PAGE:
At the end of the "Apology", Socrates has been sentenced to death by the people of Athens. The "Phaedo" is Plato's account of Socrates' last days and of the discussion on death and the immortality of the soul that had with his favorite disciples before he died. As you may recall from your reading of the "Apology," Socrates himself was somewhat agnostic about what believed happens after death. In this text--which actually reflects more of Plato's own views on the nature of the soul than that of his teacher--Socrates gives some strong arguments to support the contention that his soul will live on after death.
As you read, be sure that you are able to answer the following questions:
How does the Phaedo open? Who is talking and what is the topic of discussion? (§ 1)
Describe the scene of Socrates' imprisonment as Phaedo describes it. Who is with Socrates in prison? What is Socrates' attitudes towards his family? What has Socrates been doing in captivity? What message does Socrates have for his friend Evenus? (§ 2)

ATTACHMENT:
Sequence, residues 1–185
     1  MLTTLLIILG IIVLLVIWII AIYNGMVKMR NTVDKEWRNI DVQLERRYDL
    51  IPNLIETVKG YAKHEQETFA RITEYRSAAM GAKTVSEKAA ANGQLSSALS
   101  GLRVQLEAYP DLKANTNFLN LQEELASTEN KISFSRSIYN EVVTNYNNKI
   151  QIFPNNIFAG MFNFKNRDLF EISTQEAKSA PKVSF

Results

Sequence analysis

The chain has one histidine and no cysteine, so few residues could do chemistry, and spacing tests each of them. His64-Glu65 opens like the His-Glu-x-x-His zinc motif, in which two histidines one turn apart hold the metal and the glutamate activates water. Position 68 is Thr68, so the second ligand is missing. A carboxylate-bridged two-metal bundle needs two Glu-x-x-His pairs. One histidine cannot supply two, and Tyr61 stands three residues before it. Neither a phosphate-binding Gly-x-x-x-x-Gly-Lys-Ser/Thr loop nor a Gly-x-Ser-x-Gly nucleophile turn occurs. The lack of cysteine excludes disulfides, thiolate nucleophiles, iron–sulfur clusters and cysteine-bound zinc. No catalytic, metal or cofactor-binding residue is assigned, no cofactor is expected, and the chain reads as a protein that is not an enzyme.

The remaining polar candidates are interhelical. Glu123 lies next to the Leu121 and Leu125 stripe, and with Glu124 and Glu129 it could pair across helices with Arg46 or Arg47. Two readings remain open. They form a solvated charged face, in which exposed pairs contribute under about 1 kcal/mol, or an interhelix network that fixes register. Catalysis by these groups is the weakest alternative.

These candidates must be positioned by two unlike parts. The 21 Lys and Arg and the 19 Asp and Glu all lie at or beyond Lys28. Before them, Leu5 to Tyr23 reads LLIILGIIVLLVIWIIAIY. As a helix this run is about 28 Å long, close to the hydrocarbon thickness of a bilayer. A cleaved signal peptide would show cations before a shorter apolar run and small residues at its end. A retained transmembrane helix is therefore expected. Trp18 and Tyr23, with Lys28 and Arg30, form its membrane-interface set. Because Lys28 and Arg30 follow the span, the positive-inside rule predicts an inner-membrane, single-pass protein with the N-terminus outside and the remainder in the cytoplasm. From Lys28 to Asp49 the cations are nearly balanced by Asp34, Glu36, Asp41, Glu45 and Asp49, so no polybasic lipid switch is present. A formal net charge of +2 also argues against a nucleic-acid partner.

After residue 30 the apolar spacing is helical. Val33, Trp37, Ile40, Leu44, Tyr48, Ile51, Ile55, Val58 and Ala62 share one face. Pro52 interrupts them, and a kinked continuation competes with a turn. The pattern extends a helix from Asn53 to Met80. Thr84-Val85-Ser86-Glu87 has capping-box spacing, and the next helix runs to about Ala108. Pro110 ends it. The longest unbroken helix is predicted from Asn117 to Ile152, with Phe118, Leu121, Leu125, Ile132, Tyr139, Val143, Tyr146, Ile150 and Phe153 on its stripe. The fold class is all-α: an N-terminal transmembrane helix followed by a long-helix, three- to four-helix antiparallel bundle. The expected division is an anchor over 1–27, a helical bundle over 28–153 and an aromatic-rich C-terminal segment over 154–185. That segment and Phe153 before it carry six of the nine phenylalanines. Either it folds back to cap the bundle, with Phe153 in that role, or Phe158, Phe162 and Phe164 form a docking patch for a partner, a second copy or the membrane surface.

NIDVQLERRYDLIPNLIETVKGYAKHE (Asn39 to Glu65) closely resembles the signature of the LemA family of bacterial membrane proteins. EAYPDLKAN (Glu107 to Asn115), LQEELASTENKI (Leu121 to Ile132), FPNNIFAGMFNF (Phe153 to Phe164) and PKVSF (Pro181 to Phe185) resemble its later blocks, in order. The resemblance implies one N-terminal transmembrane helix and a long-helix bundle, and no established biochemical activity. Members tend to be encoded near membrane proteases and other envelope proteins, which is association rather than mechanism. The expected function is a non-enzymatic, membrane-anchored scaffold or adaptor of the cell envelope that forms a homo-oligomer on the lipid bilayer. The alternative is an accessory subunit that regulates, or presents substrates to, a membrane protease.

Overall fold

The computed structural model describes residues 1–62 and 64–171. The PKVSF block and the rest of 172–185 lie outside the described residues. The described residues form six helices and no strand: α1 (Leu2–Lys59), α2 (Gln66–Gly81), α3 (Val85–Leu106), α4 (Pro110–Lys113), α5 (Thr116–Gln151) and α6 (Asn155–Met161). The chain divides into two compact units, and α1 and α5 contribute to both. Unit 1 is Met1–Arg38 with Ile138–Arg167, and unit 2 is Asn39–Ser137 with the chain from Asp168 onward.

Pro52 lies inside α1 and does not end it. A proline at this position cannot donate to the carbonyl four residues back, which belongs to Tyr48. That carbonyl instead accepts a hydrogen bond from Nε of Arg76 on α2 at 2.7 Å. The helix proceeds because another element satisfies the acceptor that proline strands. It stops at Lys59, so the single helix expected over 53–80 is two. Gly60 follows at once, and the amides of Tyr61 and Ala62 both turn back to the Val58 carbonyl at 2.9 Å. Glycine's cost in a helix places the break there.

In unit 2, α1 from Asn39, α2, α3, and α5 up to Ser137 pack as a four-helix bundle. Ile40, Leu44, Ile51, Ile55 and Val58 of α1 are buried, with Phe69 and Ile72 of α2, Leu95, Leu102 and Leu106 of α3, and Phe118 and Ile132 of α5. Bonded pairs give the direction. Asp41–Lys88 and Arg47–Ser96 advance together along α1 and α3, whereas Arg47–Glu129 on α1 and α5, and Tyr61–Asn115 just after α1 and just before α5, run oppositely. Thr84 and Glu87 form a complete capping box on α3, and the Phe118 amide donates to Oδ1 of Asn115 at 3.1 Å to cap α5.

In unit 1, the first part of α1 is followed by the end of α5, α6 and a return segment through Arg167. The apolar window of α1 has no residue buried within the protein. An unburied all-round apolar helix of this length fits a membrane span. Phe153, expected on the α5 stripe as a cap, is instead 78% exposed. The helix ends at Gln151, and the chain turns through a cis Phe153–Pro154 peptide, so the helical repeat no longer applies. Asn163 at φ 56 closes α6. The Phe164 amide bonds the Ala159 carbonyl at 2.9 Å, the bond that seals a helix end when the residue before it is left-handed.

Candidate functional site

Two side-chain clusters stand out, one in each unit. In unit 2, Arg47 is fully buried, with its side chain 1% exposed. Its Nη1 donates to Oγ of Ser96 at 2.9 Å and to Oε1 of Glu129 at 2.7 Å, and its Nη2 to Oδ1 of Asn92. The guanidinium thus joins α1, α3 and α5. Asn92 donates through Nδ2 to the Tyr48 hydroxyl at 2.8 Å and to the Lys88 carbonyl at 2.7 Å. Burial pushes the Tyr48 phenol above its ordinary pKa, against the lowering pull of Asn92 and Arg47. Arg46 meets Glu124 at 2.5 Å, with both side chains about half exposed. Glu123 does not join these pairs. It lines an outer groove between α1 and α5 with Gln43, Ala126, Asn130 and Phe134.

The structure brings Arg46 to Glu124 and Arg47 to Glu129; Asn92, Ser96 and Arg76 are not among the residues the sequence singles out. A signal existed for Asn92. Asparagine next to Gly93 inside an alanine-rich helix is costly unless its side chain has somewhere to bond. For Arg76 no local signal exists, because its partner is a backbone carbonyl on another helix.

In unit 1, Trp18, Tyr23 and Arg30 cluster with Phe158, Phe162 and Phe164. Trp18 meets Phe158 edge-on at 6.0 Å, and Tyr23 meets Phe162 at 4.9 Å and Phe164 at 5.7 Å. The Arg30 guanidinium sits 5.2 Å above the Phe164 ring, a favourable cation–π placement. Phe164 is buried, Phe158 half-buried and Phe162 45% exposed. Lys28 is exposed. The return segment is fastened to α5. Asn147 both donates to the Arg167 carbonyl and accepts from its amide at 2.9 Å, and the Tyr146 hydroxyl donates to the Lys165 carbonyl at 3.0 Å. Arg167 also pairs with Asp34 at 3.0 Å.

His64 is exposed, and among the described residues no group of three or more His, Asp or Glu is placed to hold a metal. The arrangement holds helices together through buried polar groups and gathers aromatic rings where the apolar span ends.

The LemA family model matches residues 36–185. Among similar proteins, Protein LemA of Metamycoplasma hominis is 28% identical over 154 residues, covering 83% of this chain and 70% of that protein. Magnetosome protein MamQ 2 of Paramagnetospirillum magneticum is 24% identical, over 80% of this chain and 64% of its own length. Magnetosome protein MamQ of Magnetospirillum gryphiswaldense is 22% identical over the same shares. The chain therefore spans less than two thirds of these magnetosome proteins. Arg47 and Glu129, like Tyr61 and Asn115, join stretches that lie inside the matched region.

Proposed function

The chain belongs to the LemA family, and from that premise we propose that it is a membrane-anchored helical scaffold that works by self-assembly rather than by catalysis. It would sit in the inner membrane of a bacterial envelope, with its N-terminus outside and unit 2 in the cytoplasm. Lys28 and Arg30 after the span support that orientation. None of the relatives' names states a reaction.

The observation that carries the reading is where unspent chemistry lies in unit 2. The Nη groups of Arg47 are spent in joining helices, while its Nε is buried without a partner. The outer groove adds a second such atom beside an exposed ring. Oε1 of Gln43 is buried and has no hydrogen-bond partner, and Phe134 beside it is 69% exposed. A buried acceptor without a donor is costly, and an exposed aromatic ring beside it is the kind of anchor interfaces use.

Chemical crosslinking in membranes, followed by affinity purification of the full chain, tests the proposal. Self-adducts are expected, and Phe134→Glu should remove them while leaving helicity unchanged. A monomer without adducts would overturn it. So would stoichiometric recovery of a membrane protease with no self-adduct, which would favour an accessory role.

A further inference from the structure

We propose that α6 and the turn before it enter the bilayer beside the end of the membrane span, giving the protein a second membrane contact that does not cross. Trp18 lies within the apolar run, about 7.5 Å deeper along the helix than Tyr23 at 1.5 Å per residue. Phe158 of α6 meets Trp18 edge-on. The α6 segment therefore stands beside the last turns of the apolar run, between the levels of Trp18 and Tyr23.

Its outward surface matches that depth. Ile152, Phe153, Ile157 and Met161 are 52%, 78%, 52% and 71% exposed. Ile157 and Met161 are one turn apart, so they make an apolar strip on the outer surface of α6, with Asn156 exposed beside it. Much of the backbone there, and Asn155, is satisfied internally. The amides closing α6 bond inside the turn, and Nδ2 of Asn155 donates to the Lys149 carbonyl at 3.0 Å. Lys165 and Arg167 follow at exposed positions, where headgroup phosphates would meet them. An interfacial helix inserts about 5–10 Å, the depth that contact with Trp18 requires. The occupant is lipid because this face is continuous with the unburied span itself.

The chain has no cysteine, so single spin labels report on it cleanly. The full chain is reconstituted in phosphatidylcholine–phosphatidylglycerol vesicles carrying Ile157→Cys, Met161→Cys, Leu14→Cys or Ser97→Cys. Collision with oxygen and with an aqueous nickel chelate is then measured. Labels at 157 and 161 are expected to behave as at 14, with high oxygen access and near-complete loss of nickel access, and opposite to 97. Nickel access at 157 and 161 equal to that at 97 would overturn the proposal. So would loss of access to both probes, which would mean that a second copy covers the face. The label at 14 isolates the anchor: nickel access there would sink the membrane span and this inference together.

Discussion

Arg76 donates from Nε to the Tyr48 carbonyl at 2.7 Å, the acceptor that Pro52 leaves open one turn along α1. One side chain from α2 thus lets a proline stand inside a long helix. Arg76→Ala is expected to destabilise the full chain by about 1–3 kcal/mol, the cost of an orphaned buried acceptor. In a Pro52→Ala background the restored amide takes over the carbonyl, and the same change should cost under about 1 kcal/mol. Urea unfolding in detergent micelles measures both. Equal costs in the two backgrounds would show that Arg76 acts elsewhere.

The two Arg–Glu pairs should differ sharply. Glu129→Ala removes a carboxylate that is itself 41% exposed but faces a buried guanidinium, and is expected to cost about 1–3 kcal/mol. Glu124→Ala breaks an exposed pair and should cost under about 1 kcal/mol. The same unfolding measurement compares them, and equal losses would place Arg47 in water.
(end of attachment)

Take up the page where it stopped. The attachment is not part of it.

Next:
Why does Socrates consider death a good, but suicide prohibited (§ 3)
How does Socrates define death in the dialogue? (§ 5)
How is the body a hindrance to the attainment of true knowledge (§ 6)
How is the study of philosophy related to death? (§ 7)
What objection does Cebes raise to Socrates' position? (§ 8)
Explain the cycle of opposites and affinity arguments as a proofs for the immortality of the soul. (§ 9-10)
What are Socrates' attitudes towards the body in the text (§ 12-14)
Describe the events surrounding the death of Socrates. What are his last words? (§ 15)
If you think that you understand the basic ideas in the text, click on the blue arrows to take the quiz for this unit.